Virginia Freeway HOV Lanes

Virginia has 113 miles of freeway HOV lanes, with 73 miles in Northern Virginia, and 40 miles in the Norfolk/Hampton Roads area. High-Occupancy Vehicle (HOV) lanes are highway lanes that are restricted to vehicles with a certain number of persons, for instance, an HOV-3 lane would be restricted to vehicles that have at least 3 people in them. Some HOV lanes are concurrent-flow (a left "diamond" lane), and others are completely barrier-separated. Usually but not always, an HOV lane is restricted during peak hours and open to all vehicles in non-peak hours.

I-95, looking northbound, taken August 1997, from VA-123 overpass at Woodbridge. Notice the bridge where I-95 crosses the Occoquan River; it is 868 feet long, and 11 lanes wide (8 through lanes). The center roadway is the reversible roadway that carries HOV-3 traffic during peak hours.

I-95 near Dale City, looking north, photo taken June 1997. The center reversible roadway was extended from Springfield to Dumfries, 19 miles; construction spanned from 1990 to 1997, cost was about $305 million. It carries HOV-3 traffic in the rush hour direction, unrestricted traffic otherwise. This section of I-95 was originally completed in 1965 and is actually south of the Shirley Highway portion. Notice the crossover ramps from each general-purpose roadway to the reversible roadway. "HOV-3" means that High Occupancy Vehicles with three or more people can use the road; those with fewer cannot.

I-95/I-395 (Shirley Highway) in Northern Virginia has a 27-mile barrier-separated HOV-3 reversible 2-lane roadway from south of VA-234 at Dumfries in Prince William County to South Eads Street near the Pentagon in Arlington County. The north end of the reversible roadway divides into 1.5 mile of conventional 4-lane divided express lanes (not HOV presently) that cross the 14th Street Bridge into D.C. and merge into 14th Street and the I-395 Southwest Freeway.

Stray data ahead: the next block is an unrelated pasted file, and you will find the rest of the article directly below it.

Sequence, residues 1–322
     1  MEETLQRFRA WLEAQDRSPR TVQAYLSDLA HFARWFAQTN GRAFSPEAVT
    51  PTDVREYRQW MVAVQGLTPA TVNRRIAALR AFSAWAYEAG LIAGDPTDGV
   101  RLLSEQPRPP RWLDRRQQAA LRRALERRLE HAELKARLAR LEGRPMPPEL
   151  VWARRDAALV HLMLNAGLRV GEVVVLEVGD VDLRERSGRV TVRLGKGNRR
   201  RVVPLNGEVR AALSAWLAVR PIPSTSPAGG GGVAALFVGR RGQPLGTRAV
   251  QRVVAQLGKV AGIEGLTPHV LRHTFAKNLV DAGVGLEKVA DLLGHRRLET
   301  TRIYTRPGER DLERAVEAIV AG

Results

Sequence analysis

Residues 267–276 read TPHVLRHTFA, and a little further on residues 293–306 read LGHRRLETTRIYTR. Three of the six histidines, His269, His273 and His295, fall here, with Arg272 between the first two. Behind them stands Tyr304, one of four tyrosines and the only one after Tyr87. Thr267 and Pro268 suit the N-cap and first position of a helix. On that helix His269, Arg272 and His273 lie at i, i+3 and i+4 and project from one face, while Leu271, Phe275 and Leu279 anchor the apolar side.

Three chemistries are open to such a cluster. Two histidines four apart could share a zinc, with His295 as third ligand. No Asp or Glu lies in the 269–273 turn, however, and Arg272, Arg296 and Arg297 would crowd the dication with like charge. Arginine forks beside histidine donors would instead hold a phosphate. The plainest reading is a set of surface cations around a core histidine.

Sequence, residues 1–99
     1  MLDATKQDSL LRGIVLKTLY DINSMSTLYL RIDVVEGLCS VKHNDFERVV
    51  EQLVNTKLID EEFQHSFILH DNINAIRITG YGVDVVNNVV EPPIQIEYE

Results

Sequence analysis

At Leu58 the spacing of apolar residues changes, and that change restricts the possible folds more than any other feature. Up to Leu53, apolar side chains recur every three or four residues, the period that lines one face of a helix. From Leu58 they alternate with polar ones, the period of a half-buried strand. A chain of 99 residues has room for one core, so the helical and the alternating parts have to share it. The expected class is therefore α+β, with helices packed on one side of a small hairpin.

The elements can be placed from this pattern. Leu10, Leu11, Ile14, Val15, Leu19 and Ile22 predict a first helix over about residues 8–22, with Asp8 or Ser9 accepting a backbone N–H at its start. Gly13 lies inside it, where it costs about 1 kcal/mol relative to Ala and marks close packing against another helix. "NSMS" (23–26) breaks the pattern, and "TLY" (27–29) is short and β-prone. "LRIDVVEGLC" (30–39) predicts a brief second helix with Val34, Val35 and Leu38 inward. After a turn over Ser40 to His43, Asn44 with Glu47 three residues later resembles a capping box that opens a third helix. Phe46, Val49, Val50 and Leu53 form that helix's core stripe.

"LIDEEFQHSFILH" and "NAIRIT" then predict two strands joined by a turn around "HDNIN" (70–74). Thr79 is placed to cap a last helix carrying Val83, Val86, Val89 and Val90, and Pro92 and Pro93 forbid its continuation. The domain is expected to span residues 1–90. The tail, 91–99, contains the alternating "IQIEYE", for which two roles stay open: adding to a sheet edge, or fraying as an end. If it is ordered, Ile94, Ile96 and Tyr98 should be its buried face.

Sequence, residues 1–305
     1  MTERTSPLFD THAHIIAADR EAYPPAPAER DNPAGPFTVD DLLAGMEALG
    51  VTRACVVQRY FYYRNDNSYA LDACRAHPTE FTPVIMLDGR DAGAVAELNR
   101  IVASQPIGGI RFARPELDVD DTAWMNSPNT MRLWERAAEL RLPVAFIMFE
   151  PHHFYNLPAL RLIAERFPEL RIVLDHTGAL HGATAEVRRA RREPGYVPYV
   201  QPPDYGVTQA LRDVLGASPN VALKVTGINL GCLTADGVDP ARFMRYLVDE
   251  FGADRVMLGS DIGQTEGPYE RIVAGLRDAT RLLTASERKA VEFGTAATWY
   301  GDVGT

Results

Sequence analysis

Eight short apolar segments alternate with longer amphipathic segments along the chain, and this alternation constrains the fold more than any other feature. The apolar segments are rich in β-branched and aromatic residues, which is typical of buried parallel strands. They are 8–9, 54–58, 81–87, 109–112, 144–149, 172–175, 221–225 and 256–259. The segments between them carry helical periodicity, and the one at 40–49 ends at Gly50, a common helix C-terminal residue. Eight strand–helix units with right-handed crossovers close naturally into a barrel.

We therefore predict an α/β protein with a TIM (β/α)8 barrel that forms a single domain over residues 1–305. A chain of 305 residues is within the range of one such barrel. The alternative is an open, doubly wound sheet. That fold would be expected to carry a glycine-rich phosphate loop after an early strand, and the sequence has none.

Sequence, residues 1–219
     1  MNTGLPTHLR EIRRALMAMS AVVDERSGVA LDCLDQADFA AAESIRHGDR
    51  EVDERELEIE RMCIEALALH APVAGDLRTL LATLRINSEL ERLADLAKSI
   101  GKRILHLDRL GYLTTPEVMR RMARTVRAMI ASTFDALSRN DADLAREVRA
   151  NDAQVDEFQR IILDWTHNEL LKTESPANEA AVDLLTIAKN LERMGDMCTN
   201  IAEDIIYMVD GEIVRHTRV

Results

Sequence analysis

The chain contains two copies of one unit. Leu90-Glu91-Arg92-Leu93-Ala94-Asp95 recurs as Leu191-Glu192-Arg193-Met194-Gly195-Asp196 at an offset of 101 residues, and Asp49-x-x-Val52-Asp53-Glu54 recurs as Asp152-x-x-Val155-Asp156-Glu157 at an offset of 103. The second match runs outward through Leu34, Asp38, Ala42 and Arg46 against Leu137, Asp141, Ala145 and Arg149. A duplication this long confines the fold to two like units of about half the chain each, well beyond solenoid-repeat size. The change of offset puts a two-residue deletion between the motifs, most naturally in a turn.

I-66 in Northern Virginia has 18 miles of an HOV-2 inner diamond lane each way from west of VA-234 at Manassas to I-495 Capital Beltway, and 9.6 miles of 2-lane exclusive HOV-2 in peak hours in peak direction, from I-495 to Rosslyn. I-66 from Rosslyn, across the Theodore Roosevelt Bridge, to its terminus in D.C. (about 1.5 mile) does not have HOV facilities. Dulles Airport SOV (single occupancy) traffic can use the highway at all times from Rosslyn to the Dulles Airport Access Road (DAAR). The eastern 3 miles of the DAAR is part of this HOV facility.

VA-267 Dulles Toll Road  in Northern Virginia has15 miles of left diamond HOV-2 lanes.

I-64 in Norfolk has a 8-mile-long 2-lane barrier-separated reversible roadway for peak period HOV-2 traffic, and another 7 miles of left diamond HOV-2 lanes.

I-564 in Norfolk has 3 miles of left diamond HOV-2 lanes.

I-264 Norfolk-Virginia Beach Expressway (old VA-44) has 10 miles of left diamond HOV-2 lanes.

I-264 in Norfolk has 5 miles of left diamond HOV-2 lanes.

I-64 in Newport News and Hampton has 7 miles of left diamond HOV-2 lanes, with another 2.5 miles of left diamond HOV-2 lanes under construction to be completed in 2005.

The initial 11 miles of the reversible Shirley Highway busway opened in 1970, from Springfield to D.C., allowing express bus traffic in the rush-hour direction of traffic. This was the first such facility on a freeway in the nation.